The amount of the nonaqueous composition and the concentrations of the individual components used in the practice of the invention are functions of the type of formation being treated, the porosity and permeability of such formations and, particularly, the level of permeability modification desired. Generally speaking,

the use of any suitable amount is well within the scope of the invention, both as to initial treatments and to retreatments. Thus, the invention is not limited to the use of any particular amount of said nonaqueous crosslinkable polymeric compositions as the permeabilitymodifying medium. The reservoir permeability in a particular formation can be determined by methods known in the art. For example, a known-sized slug of water containing a marking agent such as a watersoluble or dispersible dye can be injected, followed by continued injection of water until the marking agent is detected at the offending porducing well. The amount of following water so injected will provide an estimate of the reservoir pore volume that is channeling the injection fluid between the injection well and the producing well plus enable an approximation of the formation flow capacitance of this portion of the reservoir. Radioactive tracers can be similarly employed as are dyes as marking agents or materials.

The nonaqueous composition used in the practice of the invention can be injected at any suitable rate and at any suitable pressure. Usually, the injection rate will be within the range of from 0.1 to barrels per minute, preferably 0.5 to 5.0 barrels per minute.

Another embodiment of the invention comprises a combination acidizing-plugging treatment. This embodiment of the invention is particularly useful where the formation is susceptible to attack by an acid, such as a limestone formation. In this combination method, injection of the nonaqueous composition is preceded by a slug of acid sufficient to penetrate into the reser voir rock any desired distance, depending upon the type of formation and permeability thereof. The acid will react with, etch and roughen the rock faces. This will provide a clean and more oil-free rough surface for the composition, following crosslinking of the polymeric materials, to adhere to. It is generally recognized that water-dispersible polymers will absorb at much higher levels on rock surfaces free of oil. The slug of acid can be permitted to remain in the vicinity of the following nonaqueous composition and leak off naturally. Or, if desired, the injection acid slug can be followed immediately with a waterflush to displace the acid. If the acid is permitted to leak off naturally, it is then desirable to inject sufficient fluid to flush the spent or partially spent acid some further distance into the reservoir prior to injecting the nonaqueous composition of this invention. In either event, injection of the nonaqueous composition is preceded by a slug of flush liquid such as oil.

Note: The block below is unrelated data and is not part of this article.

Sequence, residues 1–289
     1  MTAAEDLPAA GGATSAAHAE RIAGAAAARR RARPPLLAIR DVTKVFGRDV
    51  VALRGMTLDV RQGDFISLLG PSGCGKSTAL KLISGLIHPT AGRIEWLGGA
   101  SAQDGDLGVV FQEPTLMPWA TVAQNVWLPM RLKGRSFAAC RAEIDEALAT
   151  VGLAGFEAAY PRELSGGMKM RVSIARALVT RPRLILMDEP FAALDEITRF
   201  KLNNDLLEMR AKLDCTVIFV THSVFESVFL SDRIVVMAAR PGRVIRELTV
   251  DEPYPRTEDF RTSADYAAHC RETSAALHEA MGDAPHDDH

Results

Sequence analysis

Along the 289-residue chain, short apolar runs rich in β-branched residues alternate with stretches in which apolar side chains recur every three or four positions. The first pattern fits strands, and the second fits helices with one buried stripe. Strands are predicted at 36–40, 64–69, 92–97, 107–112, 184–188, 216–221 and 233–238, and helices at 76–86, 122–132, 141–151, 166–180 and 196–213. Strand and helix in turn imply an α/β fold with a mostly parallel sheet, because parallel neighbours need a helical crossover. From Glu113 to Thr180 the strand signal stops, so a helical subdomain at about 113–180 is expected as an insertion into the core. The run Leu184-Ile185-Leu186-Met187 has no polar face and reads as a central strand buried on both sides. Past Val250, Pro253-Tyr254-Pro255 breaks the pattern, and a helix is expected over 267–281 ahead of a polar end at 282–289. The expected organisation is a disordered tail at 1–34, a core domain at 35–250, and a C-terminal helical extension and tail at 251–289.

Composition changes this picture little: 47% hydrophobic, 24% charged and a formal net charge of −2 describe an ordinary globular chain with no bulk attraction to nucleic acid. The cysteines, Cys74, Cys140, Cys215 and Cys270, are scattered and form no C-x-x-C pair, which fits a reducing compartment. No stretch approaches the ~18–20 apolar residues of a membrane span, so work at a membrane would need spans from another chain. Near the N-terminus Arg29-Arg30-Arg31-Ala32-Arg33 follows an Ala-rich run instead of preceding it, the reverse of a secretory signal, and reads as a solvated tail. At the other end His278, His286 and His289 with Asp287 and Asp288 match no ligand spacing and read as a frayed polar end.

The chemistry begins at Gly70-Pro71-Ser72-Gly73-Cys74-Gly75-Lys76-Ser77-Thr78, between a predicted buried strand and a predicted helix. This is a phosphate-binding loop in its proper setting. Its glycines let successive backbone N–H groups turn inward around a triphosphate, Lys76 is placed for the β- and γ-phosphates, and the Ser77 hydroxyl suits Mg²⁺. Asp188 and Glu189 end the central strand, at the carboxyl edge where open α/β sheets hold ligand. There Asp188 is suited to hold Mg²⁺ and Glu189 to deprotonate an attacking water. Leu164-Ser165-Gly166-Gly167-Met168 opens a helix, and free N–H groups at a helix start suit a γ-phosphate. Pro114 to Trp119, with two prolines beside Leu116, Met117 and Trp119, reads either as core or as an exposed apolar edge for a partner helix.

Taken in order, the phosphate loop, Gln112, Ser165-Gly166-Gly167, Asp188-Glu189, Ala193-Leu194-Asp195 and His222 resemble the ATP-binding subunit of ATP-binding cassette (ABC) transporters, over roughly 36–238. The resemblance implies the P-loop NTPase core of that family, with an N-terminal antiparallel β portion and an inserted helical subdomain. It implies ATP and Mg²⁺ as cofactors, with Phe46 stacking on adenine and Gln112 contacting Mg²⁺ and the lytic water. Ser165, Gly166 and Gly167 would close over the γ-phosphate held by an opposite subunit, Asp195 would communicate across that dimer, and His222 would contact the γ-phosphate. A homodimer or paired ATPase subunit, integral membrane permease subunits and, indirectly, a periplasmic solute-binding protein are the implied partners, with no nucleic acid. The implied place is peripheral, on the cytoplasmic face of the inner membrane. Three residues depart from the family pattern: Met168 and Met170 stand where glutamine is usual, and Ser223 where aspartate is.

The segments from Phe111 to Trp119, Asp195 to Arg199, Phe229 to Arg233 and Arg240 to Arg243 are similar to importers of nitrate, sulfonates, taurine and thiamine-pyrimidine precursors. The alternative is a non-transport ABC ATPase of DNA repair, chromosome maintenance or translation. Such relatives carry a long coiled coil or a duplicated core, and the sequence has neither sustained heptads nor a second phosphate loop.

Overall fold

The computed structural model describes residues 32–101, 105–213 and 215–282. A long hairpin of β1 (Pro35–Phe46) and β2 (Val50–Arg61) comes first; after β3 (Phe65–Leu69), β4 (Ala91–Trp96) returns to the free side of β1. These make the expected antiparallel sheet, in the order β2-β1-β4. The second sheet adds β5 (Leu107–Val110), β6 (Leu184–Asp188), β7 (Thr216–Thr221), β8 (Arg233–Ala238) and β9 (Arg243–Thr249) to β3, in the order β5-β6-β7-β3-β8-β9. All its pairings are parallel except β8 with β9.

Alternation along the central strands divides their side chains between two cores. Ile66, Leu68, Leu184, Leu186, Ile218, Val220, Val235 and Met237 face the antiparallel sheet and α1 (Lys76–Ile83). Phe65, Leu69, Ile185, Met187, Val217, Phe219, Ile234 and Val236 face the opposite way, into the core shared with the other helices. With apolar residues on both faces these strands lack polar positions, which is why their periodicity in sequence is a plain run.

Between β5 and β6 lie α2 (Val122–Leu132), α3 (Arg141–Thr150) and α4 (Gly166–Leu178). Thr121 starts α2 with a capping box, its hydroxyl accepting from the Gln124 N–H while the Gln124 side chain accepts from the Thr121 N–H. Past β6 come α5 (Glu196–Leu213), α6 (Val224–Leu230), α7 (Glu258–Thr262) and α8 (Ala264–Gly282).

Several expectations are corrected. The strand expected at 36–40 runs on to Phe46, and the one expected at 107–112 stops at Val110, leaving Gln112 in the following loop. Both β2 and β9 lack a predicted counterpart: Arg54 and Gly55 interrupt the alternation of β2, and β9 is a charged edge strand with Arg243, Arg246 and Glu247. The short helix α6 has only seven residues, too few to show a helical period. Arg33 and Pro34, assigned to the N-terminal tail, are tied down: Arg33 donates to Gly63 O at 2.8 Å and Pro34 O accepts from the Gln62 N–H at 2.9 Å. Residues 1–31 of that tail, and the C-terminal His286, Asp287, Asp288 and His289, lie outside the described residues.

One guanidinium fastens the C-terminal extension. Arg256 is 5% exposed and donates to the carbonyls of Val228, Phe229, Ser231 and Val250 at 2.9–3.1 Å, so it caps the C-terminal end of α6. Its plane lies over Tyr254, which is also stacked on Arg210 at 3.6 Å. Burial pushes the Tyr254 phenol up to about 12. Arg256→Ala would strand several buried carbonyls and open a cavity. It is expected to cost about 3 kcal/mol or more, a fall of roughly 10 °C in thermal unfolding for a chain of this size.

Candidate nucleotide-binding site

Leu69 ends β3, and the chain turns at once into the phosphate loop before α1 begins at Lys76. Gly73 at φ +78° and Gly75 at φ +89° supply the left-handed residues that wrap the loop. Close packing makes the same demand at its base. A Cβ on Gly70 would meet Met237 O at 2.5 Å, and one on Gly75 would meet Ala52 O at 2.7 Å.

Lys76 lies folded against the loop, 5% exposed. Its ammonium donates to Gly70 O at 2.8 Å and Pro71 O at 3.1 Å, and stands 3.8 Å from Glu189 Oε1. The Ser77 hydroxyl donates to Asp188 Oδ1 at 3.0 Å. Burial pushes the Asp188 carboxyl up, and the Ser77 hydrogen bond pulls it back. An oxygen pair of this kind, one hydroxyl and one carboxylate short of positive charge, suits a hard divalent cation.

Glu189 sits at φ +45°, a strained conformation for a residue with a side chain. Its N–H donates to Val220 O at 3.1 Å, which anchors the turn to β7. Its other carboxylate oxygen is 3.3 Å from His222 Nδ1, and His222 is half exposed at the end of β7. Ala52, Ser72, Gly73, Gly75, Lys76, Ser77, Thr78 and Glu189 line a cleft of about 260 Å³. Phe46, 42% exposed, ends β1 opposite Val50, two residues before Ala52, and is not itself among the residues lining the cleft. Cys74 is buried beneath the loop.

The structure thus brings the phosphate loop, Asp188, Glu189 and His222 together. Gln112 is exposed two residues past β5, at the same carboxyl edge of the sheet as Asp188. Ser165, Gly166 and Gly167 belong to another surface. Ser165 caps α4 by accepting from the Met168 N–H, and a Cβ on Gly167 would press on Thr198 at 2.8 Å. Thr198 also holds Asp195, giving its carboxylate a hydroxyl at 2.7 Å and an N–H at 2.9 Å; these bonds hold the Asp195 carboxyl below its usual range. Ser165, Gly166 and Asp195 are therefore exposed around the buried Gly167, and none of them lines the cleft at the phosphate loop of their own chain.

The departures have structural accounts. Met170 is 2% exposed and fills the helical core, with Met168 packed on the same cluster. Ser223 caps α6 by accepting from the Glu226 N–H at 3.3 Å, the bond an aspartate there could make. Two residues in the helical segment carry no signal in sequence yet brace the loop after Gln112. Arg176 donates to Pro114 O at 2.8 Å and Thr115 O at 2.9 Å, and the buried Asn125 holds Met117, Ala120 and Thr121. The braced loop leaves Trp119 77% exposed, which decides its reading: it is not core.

Acids useful in the combination acidizing-plugging embodiment of the invention include any acid which is effective in increasing the flow of hydrocarbons through the formation and into the well. Examples of such acids which can be used include inorganic acids such as hydrochloric acid and nitric acid; organic acids such as acetic acid and formic acid; and combinations of inorganic and organic acids.

The concentration or strength of the acid can vary depending upon the type of acid, the type of formation being treated, and the result desired in the particular treating operation. For example, when hydrochloric acid solution is being used in predominantly limestone formation, the concentration can vary from about 5 to about 38 weight percent hydrocloric acid, with concentrations within the range of to 30 weight percent usually preferred. Organic acids are usually used in lower concentrations, e.g., about 10 weight percent. One preferred mixture of inorganic acid and organic acid comprises mixtures of hydrochloric acid and acetic acid, for example, percent hydrochloric acid solution containing sufficient acetic acid to bring the total acidity to about to 22 percent, based on equivalent hydrochloric acid dissolving capacity. The acids used in the practice of the invention can contain any of the known corrosion inhibitors, deemulsifying agents, sequestering agents, surfactants, friction reducers, etc., known in the art. The amount of acid used in any particular instance will depend upon a number of factors, including the size or amount of formation to be treated, type of formation being treated, the type of acid, the concentration of the acid and the formation temperature. Thus, the invention is not limited to using any particular amount of acid in the combination fracturingacidizing embodiment of the invention. Any suitable amount of acid, depending upon the nature of the formation being treated and its permeability, can be employed.